By Catherine Norwood
More than 15 years ago, the New Zealand Government outsourced a range of services from its Ministry of Fisheries to a newly created, industry-owned business, FishServe.
The move came out of a desire within industry to have a greater role in the services they pay for (NZ Fisheries are cost-recovered).
FishServe is a subsidiary of the industry body Seafood New Zealand. It processes licence applications, trading of catch entitlements and quota shares, catch data and provides support to industry – helping fishers understand reporting, licensing and other legal requirements. Increasingly, the services have moved from being paper-based to electronic.
After assessing the risks and benefits, government and industry were able to agree on a model to devolve services to industry, through FishServe, which came into effect in 2001.
Since then, FishServe has been able to reduce its operating costs from NZ$8 million a year to about NZ$4 million. Using the internet for business transactions and increasing the number of services delivered online has helped to cut internal operating costs.
Mark Jones is general manager of FINNZ, a subsidiary of FishServe that provides software and data-related services to support fisheries management organisations. He outlined the services that FishServe provided and gave an overview of how data was handled “New Zealand-style” at a recent workshop on data harmonisation held by the FRDC and at the national Seafood Directions 2017 conference in September.
“One of the things we got right when the services were separated from government was our desire to treat our fishers as ‘customers’ of the business,” he said. “When FishServe started, staff put in a lot of effort to work directly with fishers to identify what they needed and to help sort out any issues.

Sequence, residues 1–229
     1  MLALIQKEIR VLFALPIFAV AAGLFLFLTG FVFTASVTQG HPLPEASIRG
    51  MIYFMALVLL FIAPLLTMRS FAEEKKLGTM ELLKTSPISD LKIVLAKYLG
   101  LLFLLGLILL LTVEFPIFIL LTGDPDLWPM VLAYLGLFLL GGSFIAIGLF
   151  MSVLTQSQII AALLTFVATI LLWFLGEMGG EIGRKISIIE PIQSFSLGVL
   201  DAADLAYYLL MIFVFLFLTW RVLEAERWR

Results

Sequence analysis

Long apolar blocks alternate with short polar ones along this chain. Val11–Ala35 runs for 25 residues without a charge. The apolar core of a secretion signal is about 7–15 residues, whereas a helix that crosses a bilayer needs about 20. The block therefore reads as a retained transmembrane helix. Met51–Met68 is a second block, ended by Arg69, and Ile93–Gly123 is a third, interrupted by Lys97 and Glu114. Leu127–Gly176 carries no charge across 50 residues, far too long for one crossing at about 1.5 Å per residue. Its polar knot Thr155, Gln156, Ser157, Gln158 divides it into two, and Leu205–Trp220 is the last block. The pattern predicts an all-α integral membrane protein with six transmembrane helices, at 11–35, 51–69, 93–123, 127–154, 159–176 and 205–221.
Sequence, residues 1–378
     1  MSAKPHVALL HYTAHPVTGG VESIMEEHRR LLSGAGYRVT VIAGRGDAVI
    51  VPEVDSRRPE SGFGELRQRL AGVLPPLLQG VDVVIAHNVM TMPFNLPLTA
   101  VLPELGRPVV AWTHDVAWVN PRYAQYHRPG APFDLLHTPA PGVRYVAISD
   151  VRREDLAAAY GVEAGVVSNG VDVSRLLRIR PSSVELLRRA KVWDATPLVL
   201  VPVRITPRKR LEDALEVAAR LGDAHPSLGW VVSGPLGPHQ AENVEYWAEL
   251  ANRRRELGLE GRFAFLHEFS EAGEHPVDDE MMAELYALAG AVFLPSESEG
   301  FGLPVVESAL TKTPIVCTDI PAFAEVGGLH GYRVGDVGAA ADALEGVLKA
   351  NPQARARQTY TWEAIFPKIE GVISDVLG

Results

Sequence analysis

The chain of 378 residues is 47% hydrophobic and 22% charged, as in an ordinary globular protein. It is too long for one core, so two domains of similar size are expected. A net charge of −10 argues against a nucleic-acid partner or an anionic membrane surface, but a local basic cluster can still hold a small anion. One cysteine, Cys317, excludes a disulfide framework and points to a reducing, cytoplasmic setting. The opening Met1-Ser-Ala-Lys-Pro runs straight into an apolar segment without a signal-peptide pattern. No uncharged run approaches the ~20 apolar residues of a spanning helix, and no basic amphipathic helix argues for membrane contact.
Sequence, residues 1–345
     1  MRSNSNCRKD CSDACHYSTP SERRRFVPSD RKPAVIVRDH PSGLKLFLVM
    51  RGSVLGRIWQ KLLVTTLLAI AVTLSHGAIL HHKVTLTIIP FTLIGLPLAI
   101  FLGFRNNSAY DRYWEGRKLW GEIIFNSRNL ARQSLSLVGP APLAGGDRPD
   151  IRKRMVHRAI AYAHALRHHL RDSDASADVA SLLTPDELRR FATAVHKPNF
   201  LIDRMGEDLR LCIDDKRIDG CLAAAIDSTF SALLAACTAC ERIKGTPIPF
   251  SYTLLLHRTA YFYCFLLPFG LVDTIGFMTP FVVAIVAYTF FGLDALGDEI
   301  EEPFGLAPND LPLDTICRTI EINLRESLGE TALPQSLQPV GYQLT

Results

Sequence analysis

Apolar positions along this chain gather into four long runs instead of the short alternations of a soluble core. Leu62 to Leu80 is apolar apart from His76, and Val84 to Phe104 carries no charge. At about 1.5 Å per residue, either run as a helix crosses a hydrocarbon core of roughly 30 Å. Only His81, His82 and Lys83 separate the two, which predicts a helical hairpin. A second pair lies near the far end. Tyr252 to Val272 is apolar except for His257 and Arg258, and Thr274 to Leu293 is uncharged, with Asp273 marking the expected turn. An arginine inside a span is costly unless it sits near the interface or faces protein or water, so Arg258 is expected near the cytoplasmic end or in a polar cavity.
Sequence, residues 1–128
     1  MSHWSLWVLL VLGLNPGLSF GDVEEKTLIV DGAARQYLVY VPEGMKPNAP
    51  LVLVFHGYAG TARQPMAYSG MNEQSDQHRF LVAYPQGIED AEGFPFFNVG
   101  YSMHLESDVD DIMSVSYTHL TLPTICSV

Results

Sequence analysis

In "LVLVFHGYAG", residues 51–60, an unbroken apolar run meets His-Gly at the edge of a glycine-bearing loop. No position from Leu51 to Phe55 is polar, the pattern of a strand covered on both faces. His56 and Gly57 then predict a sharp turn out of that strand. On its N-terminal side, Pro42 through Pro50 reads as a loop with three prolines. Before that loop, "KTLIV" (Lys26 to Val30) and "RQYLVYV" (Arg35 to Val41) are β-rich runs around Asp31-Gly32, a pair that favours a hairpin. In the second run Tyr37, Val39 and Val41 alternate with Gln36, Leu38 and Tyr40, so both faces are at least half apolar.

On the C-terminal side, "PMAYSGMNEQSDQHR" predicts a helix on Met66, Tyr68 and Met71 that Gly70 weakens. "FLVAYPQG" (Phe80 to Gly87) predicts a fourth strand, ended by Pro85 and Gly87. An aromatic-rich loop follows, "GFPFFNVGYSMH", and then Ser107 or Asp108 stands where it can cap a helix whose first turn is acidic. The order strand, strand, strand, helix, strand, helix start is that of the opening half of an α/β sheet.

“If someone had a problem we would go and see them, and show them how the forms worked, and how to do things online.”
These early efforts and a customer service focus have improved the quality of data and efficiency of service delivery, and established FishServe as a trusted provider to government and industry.
“It is an interesting position to be in, as an industry-owned organisation, providing industry information required for regulatory compliance to government,” Mark Jones said. “To get the benefits of this type of devolved arrangement, it’s critical to set the service delivery organisation up in the right way and define how it will operate on a day-to-day basis, to eliminate any potential conflict of interest.
“We operate within a service and data governance framework that clearly articulates our roles and responsibilities. We don’t own the data; it is owned by individual fishers and government. Simply, our role is to deliver a number of services to industry and government and it’s very clear what we do with data and what we can’t,” he said.
Staff and organisational accountability are critical to the fundamental controls the organisation needs, along with comprehensive performance standards detailing how data is handled. That is essential to ensure the credibility of the organisation.
There is some data that FishServe does not manage, such as data recorded by fisheries observers. However, it is responsible for the operation of five public registries: quota shares; catch entitlement; fishing permits; vessel licences; and high-sea vessel licences. Under New Zealand fisheries law, these provide ‘one source of truth’ as to the licence details, level of catch entitlement and quota share holdings of individual fishers.